uploads/2014/08/GHC.png

Why Berkshire Hathaway lowers stake in Graham Holdings

By

Updated

Berkshire Hathaway and Graham Holdings

Warren Buffett’s Berkshire Hathaway initiated new positions in Charter Communication (CHTR) and Now Inc. (DNOW). Notable positions that increased during the quarter were Suncor Energy Inc. (or SU) and Verizon Communications (VZ). The fund lowered its position significantly in Graham Holdings (GHC) and slightly in ConocoPhillips (COP).

Berkshire Hathaway significantly lowered its position in Graham Holdings (GHC). The position now accounts for 0.07% of the fund’s 2Q14 portfolio—down from 1.15% in 1Q14.

GHC

Graham Holdings was  known as The Washington Post. It’s a diversified education and media company.

The company’s education unit, Kaplan, provides a wide variety of educational services, both domestically and outside the U.S. Kaplan is the largest operating division. It accounted for ~62.4% of Graham’s consolidated revenues in 2013. Kaplan is organized into three operating segments—Kaplan Higher Education (or KHE), Kaplan Test Preparation (or KTP), and Kaplan International.

Graham’s media operations include the ownership and operation of cable systems, television broadcasting—through the ownership and operation of six television broadcast stations—and Slate and Foreign Policy magazines.

Through its subsidiary, Cable ONE, the company owns and operates cable systems that provide video, Internet, and voice service to subscribers in 18 midwestern, western, and southern states.

The company also owns Trove—a digital team focused on innovation and experimentation with emerging technologies. It owns SocialCode—a leading social marketing solutions company. Graham Holdings also owns Celtic Healthcare, Forney Corporation, and Joyce/Dayton Corp.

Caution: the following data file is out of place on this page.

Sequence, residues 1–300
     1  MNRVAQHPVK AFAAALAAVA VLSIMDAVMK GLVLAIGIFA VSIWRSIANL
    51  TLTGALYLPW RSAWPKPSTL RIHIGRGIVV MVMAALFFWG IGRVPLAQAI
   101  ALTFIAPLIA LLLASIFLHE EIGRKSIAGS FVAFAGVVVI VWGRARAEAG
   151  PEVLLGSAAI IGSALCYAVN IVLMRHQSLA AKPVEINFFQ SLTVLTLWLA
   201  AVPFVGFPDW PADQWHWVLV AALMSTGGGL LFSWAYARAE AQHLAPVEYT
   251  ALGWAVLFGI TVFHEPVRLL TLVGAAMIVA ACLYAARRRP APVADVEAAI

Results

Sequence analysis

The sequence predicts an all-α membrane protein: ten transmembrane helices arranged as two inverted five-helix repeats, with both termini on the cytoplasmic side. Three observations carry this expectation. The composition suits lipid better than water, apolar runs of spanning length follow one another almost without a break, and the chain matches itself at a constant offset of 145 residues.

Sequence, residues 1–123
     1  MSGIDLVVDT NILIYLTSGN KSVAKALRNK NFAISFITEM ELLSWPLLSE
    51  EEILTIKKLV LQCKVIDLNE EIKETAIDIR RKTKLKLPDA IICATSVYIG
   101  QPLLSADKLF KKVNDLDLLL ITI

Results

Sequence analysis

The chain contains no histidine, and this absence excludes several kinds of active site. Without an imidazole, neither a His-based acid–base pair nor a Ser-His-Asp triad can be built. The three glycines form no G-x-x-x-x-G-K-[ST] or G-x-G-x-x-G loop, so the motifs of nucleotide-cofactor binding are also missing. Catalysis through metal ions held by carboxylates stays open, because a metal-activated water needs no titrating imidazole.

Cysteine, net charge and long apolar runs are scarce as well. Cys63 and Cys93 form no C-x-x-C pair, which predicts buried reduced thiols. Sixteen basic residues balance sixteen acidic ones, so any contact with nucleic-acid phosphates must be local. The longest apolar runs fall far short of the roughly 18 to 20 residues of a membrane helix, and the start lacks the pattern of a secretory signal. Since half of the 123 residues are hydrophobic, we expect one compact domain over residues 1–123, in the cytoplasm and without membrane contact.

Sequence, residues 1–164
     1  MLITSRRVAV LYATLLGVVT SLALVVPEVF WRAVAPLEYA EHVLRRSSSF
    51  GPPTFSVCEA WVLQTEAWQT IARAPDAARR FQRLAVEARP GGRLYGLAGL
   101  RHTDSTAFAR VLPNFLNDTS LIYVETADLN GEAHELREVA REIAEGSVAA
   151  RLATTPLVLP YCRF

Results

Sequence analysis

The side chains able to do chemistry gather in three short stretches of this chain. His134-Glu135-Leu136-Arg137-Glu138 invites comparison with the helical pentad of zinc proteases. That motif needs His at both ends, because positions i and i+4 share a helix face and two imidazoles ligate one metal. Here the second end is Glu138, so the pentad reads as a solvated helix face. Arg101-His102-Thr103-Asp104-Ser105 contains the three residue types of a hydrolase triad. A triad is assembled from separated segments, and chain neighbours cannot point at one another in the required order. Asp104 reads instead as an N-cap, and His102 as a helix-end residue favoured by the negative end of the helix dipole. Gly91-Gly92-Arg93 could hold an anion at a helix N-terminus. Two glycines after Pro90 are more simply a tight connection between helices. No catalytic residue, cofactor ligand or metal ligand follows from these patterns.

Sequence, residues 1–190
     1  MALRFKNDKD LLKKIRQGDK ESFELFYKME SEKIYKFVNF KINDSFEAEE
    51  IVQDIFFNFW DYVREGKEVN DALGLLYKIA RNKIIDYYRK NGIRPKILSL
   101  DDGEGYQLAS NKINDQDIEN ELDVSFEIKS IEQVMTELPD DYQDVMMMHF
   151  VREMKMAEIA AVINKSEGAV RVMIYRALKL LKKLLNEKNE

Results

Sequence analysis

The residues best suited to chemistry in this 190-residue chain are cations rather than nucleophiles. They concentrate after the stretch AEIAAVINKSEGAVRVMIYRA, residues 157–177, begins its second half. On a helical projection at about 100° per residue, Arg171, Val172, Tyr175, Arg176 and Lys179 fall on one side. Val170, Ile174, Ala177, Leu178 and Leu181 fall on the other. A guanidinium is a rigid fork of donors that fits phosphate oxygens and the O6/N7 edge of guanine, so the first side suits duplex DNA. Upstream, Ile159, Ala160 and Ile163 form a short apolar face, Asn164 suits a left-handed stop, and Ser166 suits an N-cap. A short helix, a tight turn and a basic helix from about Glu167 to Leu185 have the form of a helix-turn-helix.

Last year, Graham completed the sale of its newspaper publishing businesses including The Washington Post and its related website to Nash Holdings LLC. Nash Holdings is owned by Amazon.com founder Jeff Bezos.

Berkshire lowers stake through swap deal with Graham

In April, Graham and Berkshire Hathaway signed an agreement for Berkshire to acquire a wholly-owned subsidiary of Graham Holdings. The subsidiary included WPLG, a Miami-based television station, and a number of Berkshire shares currently held by Graham Holdings. It also included $327.7 million in cash in exchange for ~1.6 million shares of Graham Holdings Class B common stock owned by Berkshire Hathaway.

The deal’s total value was pegged at $1.1 billion. It ended billionaire Warren Buffett’s 40-year association with the company. Buffett’s Berkshire Hathaway has been a major shareholder in Graham Holdings. It started investing in the company in 1973.

The deal was designed to be tax-free. It was advantageous for both companies.

Education segment posts flat revenues

Graham’s income from continuing operations was $54.5 million, or $7.31 per share, for 2Q14—compared to $58.7 million, or $7.93 per share, for 2Q13. Revenue for 2Q14 was $878.6 million—up 1% from $870.5 million in 2Q13.

Revenue increased at the television broadcasting division and in other businesses. It declined at the cable division. Revenue was flat at the education division. At the education division, revenue at KHE declined mainly due to the fall in average enrollments. This reflected weaker market demand over the past year, lower average tuition, and the impact of closed campuses. The division also incurred restructuring costs and software asset write offs.

Reports noted that the company has been divesting its media properties to focus on its education segment. A June release from Moody’s said that “Graham’s cable and broadcast operations lack national scale and the overall performance of the company has deteriorated due to weakness in the education segment. Within education, Kaplan Higher Education revenue has decreased 40% since 2010 reflecting pressure in the U.S. by greater regulatory scrutiny stemming from increased default rates on Title IV student loans as well as by lingering high unemployment and an uncertain job market which has a negative impact on enrollment.”

Graham divests in stake in Classified Ventures joint venture

Graham recently agreed to sell its stake in Classified Ventures (or CV) to Gannett Co. Inc. for a price that values CV at $2.5 billion. CV’s primary asset is www.cars.com. CV is a joint venture. Gannett owns a 27% stake and Graham Holdings owns a 16.5% stake.

More From Market Realist